Could burying the M32 solve Bristol’s pollution problem?

The M32 in Bristol. Image: Dun Holm/Wikipedia Commons.

The world may have possibly found a solution to climate change in an unexpected place: the west of England metro mayoral race. It seems that Lesley Mansell, the Labour candidate, let slip what could be a universally applicable method for stopping motorway emissions.

“You could potentially put the M32 underground and then reuse the space on top,” Mansell said at a hustings event held last month by the Bristol Post. “It might seem like a wild idea, but sometimes those off-the-wall ideas can have some positive outcomes. It would be much better if you have got the traffic underground, as we wouldn’t have the carbon going into the atmosphere.”

Of course, it’s a terrible idea. Mansell is possibly correct that the move would create extra space, and she’s possibly correct that wild ideas can work out really well. It’s just that last point where the idea starts to fall apart, as tunnels don’t possess any carbon-destroying abilities.

“[Carbon dioxide] would not be removed by a road tunnel and would consequently emerge into the local atmosphere from the ends of the tunnel,” says Roy M. Harrison, professor at the University of Birmingham’s School of Geography, Earth & Environmental Sciences. There  are many actions we can take to fight climate change, but burying one of the country’s shortest motorways is not one of them.

The M32. Image: Open Street Map.

The motorway is something of a local frustration. Built in 1966, it stretches just 4.4 miles from Bristol’s city centre to the M4 at junction 19. Bristol City Council has tried before to convert it to an A-road, but to no avail. The M32 even has its own entry on, which documents Britain’s most ridiculous motorways.

Oddly enough, the city council has not ruled out Mansell’s idea. A spokesperson told the Bristol Post that a new congestion task group will be launched soon, aimed at exploring ways of how to improve transport in the local area.

“No decisions or firm plans have been made at this very early stage,” the spokesperson said.

If the task group opts to build a tunnel, for whatever reason, it wouldn’t stop pollution per se, but it would help shape the escaping pollutants. Ventilation shafts would be needed to maintain a somewhat breathable quality of air inside the tunnel. Because of this, building a tunnel would essentially concentrate emissions around a set number of extraction points, rather than allowing them to freely disperse into the atmosphere.

“You could probably build a tunnel with ventilation shafts that suck the air out and have it scrubbed of pollutants,” says James Lee, professor at the University of York’s National Centre for Atmospheric Science. “But I would imagine this would be a very expensive option.”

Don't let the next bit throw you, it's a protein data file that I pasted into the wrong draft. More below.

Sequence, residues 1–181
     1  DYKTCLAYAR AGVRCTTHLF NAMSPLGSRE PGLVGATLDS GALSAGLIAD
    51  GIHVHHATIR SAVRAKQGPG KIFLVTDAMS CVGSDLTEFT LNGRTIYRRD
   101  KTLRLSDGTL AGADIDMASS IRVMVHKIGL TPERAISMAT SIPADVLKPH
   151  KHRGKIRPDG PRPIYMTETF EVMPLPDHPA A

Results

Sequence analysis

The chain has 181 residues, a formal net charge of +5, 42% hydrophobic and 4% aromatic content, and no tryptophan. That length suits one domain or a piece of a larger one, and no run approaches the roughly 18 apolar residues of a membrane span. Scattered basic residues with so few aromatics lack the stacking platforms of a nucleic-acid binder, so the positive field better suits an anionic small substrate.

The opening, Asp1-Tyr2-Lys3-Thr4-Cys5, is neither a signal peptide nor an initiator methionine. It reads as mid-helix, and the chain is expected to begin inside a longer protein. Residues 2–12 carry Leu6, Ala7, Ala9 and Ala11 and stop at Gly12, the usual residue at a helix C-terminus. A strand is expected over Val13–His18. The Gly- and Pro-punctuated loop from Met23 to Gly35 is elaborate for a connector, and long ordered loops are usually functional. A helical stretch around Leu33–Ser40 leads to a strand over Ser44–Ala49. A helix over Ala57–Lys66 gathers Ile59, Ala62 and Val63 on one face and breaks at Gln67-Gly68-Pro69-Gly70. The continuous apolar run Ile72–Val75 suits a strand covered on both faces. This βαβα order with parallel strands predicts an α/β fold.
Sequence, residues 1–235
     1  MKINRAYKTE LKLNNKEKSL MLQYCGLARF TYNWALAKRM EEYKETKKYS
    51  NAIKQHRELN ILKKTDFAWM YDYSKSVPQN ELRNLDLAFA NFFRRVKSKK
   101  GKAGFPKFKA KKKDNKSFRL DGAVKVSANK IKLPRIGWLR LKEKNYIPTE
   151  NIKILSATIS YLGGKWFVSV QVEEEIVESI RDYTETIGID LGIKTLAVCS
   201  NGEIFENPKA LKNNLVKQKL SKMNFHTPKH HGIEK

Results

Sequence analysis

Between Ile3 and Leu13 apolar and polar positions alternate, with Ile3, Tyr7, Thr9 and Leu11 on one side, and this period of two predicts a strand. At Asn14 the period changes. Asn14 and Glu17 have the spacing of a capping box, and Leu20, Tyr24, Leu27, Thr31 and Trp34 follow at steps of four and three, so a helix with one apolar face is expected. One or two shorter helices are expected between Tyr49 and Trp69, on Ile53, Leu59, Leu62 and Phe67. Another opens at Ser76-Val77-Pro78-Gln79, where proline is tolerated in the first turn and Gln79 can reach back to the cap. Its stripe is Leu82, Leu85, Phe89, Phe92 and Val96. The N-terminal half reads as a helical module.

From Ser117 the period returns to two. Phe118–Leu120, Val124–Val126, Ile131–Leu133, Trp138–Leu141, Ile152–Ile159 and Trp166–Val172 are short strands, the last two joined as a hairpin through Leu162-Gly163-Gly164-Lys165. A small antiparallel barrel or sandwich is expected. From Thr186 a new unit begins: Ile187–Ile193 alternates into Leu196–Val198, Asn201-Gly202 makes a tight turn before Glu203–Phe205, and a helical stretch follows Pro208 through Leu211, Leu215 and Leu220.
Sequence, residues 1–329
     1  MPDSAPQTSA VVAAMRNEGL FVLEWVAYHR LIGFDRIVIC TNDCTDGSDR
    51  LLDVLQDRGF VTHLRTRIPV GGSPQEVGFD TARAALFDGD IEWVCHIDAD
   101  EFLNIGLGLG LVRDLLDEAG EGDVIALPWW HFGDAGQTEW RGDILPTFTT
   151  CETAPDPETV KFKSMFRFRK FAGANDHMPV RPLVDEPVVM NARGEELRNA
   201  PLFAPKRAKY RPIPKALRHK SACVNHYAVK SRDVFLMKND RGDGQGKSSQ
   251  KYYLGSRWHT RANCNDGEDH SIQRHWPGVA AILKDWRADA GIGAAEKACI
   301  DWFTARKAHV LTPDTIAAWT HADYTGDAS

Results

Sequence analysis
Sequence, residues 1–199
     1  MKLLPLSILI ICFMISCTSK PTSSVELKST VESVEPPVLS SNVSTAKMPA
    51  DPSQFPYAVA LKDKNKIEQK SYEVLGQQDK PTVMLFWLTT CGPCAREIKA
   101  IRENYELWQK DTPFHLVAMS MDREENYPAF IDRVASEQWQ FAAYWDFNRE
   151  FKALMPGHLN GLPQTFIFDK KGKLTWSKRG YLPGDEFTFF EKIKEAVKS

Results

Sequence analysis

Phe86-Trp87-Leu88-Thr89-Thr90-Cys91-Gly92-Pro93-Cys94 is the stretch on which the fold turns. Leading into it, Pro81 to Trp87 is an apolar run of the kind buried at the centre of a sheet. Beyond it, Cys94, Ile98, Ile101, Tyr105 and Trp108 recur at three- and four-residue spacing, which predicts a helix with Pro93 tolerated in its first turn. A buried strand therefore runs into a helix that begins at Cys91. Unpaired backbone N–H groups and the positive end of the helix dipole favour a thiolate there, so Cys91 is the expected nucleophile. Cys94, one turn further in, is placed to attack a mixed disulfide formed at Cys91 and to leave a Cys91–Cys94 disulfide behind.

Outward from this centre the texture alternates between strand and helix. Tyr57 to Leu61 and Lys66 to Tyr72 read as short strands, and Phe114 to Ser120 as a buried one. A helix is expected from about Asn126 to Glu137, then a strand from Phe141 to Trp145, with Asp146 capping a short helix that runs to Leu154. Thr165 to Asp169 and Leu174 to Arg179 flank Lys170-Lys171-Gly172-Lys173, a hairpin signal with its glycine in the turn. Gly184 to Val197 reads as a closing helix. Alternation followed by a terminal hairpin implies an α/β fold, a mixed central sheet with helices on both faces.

A tunnel could, in limited circumstances, stop certain emissions from entering the atmosphere. That’s because particles are created from three different sources on cars: combustion, brake wear, and tyre wear. The tunnel would not stop the first kind from leaving, due to their gaseous nature; but the other two could stick to the tunnel walls.

“The reduction in particle loading because of adhesion to the tunnel surface wouldn’t be a particularly effective control technology,” said James Longhurst, professor of environmental science at the University of the West of England.

But it would be wrong to say that city planners never consider tunnels as a method of maintaining acceptable air quality levels. If building a new road would otherwise push an area past national or European requirements for individual pollutants, placing it underground allows designers to concentrate emissions through the shafts, towards areas where the quality is less of a concern.

This is less of an issue with the M32. Bristol’s Air Quality Management Area, a designated zone that local authorities monitor to ensure they meet pollutant targets, only covers a small section of the motorway. The city council is more concerned about the amount of pollution around the city centre, so using a tunnel to manage air quality would do little to help in the areas where it’s needed most.

“The idea of a tunnel is not something one should remove from one’s thinking,” says Longhurst. “It’s just that in the case of the M32, the cost would be very substantial.”

So yes, in very limited circumstances a tunnel can help with air quality management – but no, they don’t stop carbon emissions.

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The Thessaloniki dig problem: How can Greece build anything when it’s swarming with archaeologists?

Archaeological finds on display in an Athens metro station. Image: Gary Hartley.

It’s fair to say that the ancient isn’t much of a novelty in Greece. Almost every building site quickly becomes an archaeological site – it’s hard to spin a tight 360 in Athens without a reminder of ancient civilisation, even where the city is at its ugliest.

The country’s modern cities, recent interlopers above the topsoil, serve as fascinating grounds for debates that are not just about protecting the ancient, but what exactly to do with it once it’s been protected.

The matter-of-fact presentation that comes with the many, many discoveries illustrates the point. Athens often opts to display things more or less where they were found, making metro stations a network of museums that would probably take pride of place in most other capitals. If you’re into the casual presentation of the evocative, it doesn’t get much better than the toy dog on wheels in Acropolis station.